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photo video

4K is for Suckers

Instead, you should take this 8K glory video of The Milky Way from Nikon.  Yes, it’s quite something, though parts of it look just a bit too surreal.  Like they were rendered.

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awesome photo video

Crazy Difficult Time-Lapse of NYC

Julian Tryba has a pretty neat Time-Lapse, or layer-lapse as they call it, of New York City:

I admit, that was pretty ace.  Each scene in the video has as many as 300 different layers, all being independently turned on and off to the beat of the music.  A time-lapse done well to music is better than any other boring time-lapse.  This one is pretty dang impressive.  Even more so considering it consists of over 230,000 different photos, spanning over 350 hours of life.  Though, I imagine some of that might have been duplicated with multiple lenses on multiple cameras at the same location.  Either way, it’s a great 2 and a half minutes of your life, trust me.

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electronic news photo science video

Pure Photos

Photographer Robin de Puy teamed up with Spa, and spent 6 months developing the technique to take photographs through a drop of water.  It’s quite something to be honest, though it’s wildly impractical.  In order to get it working, they had to use a Teflon coated glass plate, an electrical current, and mirrors.  It’s all neat and everything, but it’s not for the real world unfortunately.

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awesome science video

Watching the Stars

Here are two time-lapses of the night sky from two very different perspectives.   The first one is the standard watch the stars pass by overhead in a circle around the viewer.  It’s pretty nice, Aryeh Nirenberg created it by leaving his camera on all night on Assateague Island in Maryland.

I do enjoy watching the stars pass by, it’s quite relaxing.  This next video is a different take on the tradition.  The stars are moving because the earth is moving through space, and rotating around it’s axis.  Most people experience this by having the foreground stationary and letting the stars spin.  AlphaPhoenix reversed that and has the stars stationary and the foreground rotating around Polaris, the North Star.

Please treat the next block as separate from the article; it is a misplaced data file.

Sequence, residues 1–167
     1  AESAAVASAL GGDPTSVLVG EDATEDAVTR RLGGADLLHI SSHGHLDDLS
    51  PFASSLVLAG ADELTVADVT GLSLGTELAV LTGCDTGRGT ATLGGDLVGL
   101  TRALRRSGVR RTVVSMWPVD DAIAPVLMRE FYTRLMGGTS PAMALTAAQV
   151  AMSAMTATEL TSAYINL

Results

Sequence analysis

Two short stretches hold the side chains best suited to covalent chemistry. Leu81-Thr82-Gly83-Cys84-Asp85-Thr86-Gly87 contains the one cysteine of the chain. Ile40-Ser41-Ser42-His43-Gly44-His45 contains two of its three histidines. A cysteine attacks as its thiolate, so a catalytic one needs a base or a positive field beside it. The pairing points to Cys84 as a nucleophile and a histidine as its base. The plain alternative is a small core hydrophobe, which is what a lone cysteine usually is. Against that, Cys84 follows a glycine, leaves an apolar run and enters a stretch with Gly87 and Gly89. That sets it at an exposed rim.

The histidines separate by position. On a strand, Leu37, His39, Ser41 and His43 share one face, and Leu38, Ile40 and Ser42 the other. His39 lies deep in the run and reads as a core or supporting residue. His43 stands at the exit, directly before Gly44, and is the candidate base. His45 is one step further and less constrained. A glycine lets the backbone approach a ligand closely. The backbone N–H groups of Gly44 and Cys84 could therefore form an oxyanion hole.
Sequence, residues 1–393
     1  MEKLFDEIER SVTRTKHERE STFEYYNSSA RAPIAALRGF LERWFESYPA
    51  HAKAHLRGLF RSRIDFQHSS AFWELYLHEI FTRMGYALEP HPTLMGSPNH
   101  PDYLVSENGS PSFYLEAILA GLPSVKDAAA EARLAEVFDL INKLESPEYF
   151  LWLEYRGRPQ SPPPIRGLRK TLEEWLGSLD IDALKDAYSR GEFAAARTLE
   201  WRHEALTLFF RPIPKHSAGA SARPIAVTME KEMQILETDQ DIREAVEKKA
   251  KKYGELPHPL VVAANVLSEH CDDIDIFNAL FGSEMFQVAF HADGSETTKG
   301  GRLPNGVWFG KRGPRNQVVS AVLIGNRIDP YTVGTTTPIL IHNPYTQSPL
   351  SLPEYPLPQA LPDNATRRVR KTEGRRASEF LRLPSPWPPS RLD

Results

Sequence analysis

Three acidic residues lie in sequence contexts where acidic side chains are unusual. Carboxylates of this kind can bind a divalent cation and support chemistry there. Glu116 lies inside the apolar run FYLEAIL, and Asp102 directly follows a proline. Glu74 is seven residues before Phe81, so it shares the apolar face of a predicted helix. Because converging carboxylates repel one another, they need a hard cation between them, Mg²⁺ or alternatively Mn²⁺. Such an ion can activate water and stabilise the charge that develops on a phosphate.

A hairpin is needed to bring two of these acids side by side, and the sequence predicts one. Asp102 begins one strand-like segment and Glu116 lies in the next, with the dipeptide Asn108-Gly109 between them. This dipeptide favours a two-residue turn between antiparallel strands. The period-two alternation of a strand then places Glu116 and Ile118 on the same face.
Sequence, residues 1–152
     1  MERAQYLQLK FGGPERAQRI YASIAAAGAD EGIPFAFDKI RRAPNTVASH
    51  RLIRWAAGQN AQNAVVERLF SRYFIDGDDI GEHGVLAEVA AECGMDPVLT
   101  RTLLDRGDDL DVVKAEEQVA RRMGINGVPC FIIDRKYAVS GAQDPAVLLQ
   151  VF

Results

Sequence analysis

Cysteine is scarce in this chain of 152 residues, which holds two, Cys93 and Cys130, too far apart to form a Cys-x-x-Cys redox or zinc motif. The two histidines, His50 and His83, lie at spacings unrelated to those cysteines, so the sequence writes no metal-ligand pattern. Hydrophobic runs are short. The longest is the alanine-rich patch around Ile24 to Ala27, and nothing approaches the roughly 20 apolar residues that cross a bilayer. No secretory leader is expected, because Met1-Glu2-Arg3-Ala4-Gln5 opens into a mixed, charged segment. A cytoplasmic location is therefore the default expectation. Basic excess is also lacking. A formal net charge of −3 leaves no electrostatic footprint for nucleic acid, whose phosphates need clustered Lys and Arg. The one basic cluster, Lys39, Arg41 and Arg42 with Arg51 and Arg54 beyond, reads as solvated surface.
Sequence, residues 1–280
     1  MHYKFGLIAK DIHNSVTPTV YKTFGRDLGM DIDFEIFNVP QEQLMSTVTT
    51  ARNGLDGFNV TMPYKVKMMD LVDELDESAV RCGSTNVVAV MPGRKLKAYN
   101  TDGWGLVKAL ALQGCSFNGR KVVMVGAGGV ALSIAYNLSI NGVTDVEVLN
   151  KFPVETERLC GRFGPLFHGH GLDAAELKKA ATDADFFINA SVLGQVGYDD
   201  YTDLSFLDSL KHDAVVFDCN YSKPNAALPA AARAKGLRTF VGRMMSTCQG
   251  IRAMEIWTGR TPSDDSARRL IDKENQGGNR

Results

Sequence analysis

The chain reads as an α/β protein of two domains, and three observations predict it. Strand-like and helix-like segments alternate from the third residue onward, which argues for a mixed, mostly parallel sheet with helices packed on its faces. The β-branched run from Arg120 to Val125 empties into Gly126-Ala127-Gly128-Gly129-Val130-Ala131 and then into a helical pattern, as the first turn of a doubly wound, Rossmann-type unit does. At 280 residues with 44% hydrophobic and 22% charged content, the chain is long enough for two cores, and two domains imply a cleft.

It’s actually, quite dizzying to be honest.  I’m not a fan of it.

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photo science video

Orion Over Sky

Sriram Murali created the above video to show the effects that light pollution has on the beautiful night sky.  In it, he focuses on the constellation Orion, and how our perception of it changes based on the light density of the area we view it from.  The entire thing is a great example of one of the major downfalls of city life – loss of the night sky.  However, the entire thing also does suffer from a major unintended side-effect.  In order to take impressive night sky shots, you must take long exposure photos.  In the process of taking those photos, and in the post-processing necessary on them, you get many more stars visible than the human eye usually sees.  That makes the darker skies even more impressive in the time-lapse.

Regardless, it’s still a good teaching tool.  Hopefully you take the time to drive 100 miles from the city where you live to really experience the night sky!

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awesome photo strange video

Infrared Timelapse

I do love some Infrared photography.  There’s something awesome and other-worldly about it that is so enticing.  This time-lapse of Oregon is done completely in infrared.  I will say, some of the shots are pretty lost.  The nightscapes, and the meh mountainsides, those just look like filtered B&W.  There are a few nice sections of Crater Lake though, those came out neat.

All in all, it’s not bad at 6:48 seconds long, you should watch it, time-lapses are generally beautiful experiences.